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BOUNTY offered by an extremist Islamist group in India for the beheading of prominent Bangladeshi writer Taslima Nasreen, who lives in exile in India, has the country’s 150million Muslims in uproar.
The 45-year-old feminist and human rights activist has been trying to get permission to stay in India permanently, and was not available yesterday to comment on the fatwa.
Nasreen has been the target of Islamic fundamentalist anger since speaking in favour of equal rights for women and expressing opposition to the oppression of non-Islamic minorities in Islamic societies. She has also called for a revision of the Koran.
Two years ago, an Indian Muslim cleric offered a reward toanyone who “blackened” herface
The president of the All India Ibtehad Council, Taqi Raza Khan, said he had declared the reward for anyone who carried out the “quatal” or “extermination” of the “notorious woman.”

“Taslima has put Muslims to shame in her writing. She should be killed and beheaded and anyone who does this will get a reward from the council,” he said in a statement received in Lucknow, capital of northern Uttar Pradesh state.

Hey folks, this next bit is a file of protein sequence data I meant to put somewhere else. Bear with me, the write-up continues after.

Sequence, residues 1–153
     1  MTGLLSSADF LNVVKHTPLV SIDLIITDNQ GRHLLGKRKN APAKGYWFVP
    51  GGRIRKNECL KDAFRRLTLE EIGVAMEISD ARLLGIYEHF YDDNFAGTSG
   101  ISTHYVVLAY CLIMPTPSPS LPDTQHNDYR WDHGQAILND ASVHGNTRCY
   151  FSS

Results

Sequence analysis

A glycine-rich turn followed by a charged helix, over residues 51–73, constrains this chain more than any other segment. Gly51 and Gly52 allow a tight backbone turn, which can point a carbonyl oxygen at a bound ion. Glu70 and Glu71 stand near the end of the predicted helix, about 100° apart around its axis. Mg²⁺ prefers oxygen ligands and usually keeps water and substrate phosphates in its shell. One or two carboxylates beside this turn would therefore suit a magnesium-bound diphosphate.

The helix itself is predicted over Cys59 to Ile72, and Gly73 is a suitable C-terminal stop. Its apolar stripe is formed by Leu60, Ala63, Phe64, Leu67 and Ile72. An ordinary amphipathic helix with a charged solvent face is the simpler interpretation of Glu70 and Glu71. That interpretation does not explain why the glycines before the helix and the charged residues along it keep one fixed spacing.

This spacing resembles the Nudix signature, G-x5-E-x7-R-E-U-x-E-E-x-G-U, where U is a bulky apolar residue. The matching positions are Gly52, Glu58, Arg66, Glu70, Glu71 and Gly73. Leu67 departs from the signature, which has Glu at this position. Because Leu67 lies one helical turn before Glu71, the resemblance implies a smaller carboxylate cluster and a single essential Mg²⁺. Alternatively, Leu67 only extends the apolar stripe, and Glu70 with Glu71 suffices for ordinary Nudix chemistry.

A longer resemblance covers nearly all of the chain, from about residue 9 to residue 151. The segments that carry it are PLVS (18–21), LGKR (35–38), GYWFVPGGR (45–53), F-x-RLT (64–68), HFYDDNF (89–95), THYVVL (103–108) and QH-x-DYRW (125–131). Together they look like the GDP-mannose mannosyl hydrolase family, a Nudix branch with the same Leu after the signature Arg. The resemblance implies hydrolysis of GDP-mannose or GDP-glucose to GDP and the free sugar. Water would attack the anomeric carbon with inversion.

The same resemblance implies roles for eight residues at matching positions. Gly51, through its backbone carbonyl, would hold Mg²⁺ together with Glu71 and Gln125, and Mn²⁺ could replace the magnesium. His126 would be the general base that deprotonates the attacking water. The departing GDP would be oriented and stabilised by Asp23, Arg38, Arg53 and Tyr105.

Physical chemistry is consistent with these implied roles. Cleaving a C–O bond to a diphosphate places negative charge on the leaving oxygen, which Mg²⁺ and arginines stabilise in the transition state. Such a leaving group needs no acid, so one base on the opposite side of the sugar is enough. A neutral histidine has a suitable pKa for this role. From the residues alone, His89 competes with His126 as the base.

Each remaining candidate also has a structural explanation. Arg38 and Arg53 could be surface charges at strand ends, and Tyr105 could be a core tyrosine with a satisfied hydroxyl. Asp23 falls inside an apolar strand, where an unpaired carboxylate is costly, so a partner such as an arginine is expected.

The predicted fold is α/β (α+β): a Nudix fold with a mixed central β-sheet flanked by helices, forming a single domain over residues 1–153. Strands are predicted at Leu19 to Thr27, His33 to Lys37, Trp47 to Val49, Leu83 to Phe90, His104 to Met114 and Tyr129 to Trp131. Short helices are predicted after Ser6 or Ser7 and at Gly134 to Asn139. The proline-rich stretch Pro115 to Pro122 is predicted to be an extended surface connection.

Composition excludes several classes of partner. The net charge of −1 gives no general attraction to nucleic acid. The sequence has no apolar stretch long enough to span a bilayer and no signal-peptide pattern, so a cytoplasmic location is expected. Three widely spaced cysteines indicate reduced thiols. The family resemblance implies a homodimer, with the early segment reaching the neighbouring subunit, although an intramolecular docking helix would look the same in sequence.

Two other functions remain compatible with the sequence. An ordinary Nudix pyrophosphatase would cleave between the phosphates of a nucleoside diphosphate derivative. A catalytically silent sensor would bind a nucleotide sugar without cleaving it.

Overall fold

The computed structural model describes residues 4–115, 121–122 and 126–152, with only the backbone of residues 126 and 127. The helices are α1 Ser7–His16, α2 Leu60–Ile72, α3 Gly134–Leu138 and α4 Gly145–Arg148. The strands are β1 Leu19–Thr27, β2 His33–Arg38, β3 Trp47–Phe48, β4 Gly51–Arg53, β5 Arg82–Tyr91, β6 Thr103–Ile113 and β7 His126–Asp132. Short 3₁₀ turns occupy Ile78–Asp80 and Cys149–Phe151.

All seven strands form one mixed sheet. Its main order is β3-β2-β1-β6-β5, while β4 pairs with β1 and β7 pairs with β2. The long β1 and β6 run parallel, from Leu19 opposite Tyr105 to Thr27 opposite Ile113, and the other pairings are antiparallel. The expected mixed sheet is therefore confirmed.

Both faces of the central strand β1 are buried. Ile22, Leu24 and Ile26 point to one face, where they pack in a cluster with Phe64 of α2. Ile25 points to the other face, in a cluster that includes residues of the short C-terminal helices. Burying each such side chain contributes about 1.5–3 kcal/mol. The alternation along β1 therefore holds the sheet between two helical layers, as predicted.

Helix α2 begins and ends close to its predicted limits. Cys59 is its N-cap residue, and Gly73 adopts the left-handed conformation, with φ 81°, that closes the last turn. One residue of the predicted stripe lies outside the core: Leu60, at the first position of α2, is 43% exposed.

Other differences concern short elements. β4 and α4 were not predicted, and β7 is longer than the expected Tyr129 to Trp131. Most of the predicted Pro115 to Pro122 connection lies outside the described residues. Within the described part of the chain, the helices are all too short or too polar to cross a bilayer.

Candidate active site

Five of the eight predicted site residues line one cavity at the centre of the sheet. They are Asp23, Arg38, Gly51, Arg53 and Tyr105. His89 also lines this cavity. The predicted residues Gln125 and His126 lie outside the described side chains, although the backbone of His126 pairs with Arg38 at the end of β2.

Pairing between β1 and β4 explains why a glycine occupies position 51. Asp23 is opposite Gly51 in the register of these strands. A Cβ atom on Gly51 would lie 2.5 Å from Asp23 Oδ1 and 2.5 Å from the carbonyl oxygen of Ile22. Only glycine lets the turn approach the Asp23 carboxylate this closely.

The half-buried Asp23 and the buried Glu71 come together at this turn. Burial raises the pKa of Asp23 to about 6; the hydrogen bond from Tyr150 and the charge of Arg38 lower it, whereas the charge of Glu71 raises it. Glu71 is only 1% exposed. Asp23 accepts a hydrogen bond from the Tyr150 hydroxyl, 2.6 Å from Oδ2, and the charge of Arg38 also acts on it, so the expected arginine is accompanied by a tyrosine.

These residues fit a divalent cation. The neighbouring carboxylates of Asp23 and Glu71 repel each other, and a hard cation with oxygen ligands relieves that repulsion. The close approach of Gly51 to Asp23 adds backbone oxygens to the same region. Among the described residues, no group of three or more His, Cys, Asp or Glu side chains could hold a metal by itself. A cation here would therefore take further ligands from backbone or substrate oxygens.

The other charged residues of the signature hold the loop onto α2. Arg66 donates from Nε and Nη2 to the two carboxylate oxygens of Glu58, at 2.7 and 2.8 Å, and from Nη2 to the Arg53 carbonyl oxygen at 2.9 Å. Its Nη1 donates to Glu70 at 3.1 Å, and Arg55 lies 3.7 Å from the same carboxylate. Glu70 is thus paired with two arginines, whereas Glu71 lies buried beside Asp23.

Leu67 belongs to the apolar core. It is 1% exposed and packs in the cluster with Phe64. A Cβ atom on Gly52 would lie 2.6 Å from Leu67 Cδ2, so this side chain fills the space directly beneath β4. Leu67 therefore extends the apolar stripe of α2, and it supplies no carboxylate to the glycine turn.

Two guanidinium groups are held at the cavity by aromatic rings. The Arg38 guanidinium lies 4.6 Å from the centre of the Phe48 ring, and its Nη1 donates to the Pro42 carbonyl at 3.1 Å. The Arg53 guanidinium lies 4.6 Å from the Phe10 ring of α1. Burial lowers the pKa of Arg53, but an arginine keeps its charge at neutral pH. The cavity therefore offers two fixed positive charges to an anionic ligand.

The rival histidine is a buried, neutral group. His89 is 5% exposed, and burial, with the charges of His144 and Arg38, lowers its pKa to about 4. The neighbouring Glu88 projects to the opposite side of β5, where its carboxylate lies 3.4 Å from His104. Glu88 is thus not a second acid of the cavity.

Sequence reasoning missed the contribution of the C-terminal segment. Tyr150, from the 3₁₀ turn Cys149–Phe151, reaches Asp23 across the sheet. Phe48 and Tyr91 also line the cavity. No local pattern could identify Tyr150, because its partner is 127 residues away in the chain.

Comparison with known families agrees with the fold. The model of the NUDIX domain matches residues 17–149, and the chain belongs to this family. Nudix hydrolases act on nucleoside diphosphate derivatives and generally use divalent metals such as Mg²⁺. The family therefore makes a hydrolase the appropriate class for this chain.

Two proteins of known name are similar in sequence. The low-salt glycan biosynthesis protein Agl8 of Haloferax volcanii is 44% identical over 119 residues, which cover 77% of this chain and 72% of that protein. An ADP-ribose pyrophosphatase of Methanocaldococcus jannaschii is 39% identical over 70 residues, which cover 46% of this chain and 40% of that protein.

The council, based in the Uttar Pradesh town of Bareilly, is a splinter group of the influential All India Muslim Personal Law Board.

Khan said the only way the bounty would be lifted was if Nasreen “apologises, burns her books and leaves.”

The bounty was not a fatwa as Khan, while a cleric, is not senior enough to issue Islamic decrees.

But it drew swift condemnation from one of south Asia’s most powerful Muslim seminaries.

The clergy of the Sunni seminary Dar-ul Uloom in Deoband in Uttar Pradesh, a state with a large Muslim population, said the call to behead Nasreen was “un-Islamic” and that clergy should not issue such “fatwas

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